Today i am Remembering a great lady once again.
Kalpana Chawla: (7 March 1962 ' 1 February 2003), was an Indian-born American astronaut and space shuttle mission specialist. She was one of seven crewmembers lost aboard Space Shuttle Columbia during mission STS-107 when the shuttle disintegrated upon reentry into the Earth’s atmosphere. Kalpana Chawla is a posthumous recipient of the Congressional Space Medal of Honor.
Kalpana Chawla was born into a Hindu family in Karnal, Haryana, India. Kalpana in Sanskrit means “idea” or “imagination”. Her interest in flying was inspired by J. R. D. Tata, a pioneering Indian pilot and industrialist. She met her husband, Jean-Pierre Harrison, a flying instructor and aviation writer, at the University of Colorado where she pursued her doctorate.
Kalpana Chawla studied aeronautical engineering at Punjab Engineering College in Chandigarh, India, in 1982 where she earned her Bachelor of Science degree. She was one of the three women in the college at the time. She moved to the United States in 1982 and obtained a Master of Science degree in aerospace engineering from the University of Texas at Arlington (1984). Chawla earned a second Master of Science degree in mechanical engineering in 1986 and a Ph.D. in aerospace engineering in 1988 from the University of Colorado at Boulder. Later that year she began working for NASA Ames Research Center. Chawla held a Certificated Flight Instructor rating for airplanes, gliders and Commercial Pilot licenses for single and multiengine airplanes, seaplanes and gliders. She held an FCC issued Technician Class Amateur Radio license with the call sign KD5ESI. Kalpana Chawla married Jean-Pierre Harrison in 1983 and became a naturalized United States citizen in 1990.
Chawla joined the NASA astronaut corps in March 1995 and was selected for her first flight in 1996. Her first space mission began on November 19, 1997 as part of the six astronaut crew that flew the Space Shuttle Columbia flight STS-87. Chawla was the first Indian-born woman and the second person of Indian origin to fly in space, following cosmonaut Rakesh Sharma who flew in 1984 in a Soviet spacecraft. It must be noted that while Rakesh Sharma represented India, Chawla was an American astronaut who represented the United States. Sharma and Chawla never met despite their common interests.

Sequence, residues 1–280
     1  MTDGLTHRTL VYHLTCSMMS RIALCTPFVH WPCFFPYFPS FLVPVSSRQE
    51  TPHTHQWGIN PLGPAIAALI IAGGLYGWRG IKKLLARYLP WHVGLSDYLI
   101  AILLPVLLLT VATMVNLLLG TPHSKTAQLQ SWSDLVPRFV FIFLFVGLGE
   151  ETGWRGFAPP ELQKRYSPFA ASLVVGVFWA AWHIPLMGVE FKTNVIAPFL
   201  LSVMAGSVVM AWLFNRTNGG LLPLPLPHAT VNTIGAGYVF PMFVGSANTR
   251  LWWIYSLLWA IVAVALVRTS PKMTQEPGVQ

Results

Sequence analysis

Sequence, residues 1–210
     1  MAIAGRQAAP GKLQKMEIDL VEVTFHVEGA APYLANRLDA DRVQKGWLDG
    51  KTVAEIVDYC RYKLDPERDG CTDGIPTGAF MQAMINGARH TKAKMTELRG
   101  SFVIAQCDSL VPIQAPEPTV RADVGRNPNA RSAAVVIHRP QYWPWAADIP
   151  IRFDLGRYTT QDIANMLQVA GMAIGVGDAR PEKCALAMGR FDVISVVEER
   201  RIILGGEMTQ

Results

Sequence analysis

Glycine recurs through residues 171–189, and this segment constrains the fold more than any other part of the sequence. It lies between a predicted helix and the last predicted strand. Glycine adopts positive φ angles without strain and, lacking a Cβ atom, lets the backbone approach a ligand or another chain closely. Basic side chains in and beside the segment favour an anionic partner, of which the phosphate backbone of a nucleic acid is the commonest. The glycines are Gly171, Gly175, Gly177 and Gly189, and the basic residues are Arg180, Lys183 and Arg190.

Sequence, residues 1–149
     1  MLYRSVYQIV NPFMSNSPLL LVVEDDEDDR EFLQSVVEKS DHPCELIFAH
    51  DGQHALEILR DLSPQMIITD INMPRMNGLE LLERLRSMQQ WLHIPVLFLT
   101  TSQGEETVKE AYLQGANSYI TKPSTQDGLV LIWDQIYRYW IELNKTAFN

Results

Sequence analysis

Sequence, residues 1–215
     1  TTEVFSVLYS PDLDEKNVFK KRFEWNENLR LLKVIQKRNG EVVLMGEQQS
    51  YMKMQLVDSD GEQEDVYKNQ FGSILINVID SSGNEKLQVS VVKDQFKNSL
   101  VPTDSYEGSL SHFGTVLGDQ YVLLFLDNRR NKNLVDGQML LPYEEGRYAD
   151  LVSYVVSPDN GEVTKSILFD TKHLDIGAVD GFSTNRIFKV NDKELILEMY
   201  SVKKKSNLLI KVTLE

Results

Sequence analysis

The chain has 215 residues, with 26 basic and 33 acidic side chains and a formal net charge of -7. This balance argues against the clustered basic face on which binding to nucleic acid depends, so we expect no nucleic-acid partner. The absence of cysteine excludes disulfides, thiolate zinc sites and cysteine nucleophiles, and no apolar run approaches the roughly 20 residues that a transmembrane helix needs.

On her first mission Chawla travelled over 10.4 million miles in 252 orbits of the earth, logging more than 360 hours in space. During STS-87, she was responsible for deploying the Spartan Satellite which malfunctioned, necessitating a spacewalk by Winston Scott and Takao Doi to capture the satellite. A five-month NASA investigation identified errors in software interfaces and flight crew and ground control procedures. Chawla was fully exonerated and significant changes to procedures and software resulted from the final report.
After the completion of STS-87 post-flight activities, Chawla was assigned to technical positions in the astronaut office, her performance in which was recognized with a special award from her peers. In 2000 she was selected for her second flight as part of the crew of STS-107. This mission was repeatedly delayed due to scheduling conflicts and technical problems such as the July 2002 discovery of cracks in the shuttle engine flow liners. On January 16, 2003 Chawla finally returned to space aboard Columbia on the ill-fated STS-107 mission.
Chawla’s responsibilities included the SPACEHAB/FREESTAR microgravity experiments, for which the crew conducted nearly 80 experiments studying earth and space science, advanced technology development, and astronaut health and safety.
Chawla’s last visit to India was during the 1991 - 1992 new year holiday when she and her husband spent time with her family. For various reasons, Chawla was never able to follow up on invitations to visit India after she became an astronaut.
Chawla was a vegan. On her mission, she carried a white silk banner as part of a worldwide campaign to honor teachers, as well as nearly two dozen CDs, including ones by Abida Parveen, Yehudi Menuhin, Ravi Shankar, and Deep Purple. She went to her first rock concert, a Deep Purple show, in 2001 with her husband. “Kalpana is not necessarily a rock music aficionado,” her husband said of a Deep Purple show, “…but (she) nevertheless characterized the show as a ’spiritual experience.’” She enjoyed birdwatching, backpacking, hiking, flying, and reading. Quoting philosopher Lucius Annaeus Seneca she always said, “I was not born for one corner; the whole world is my native land.”
- Congressional Space Medal of Honor
- NASA Space Flight Medal
- NASA Distinguished Service Medal
- Defense Distinguished Service Medal (DDSM)
Any how she was the Best One…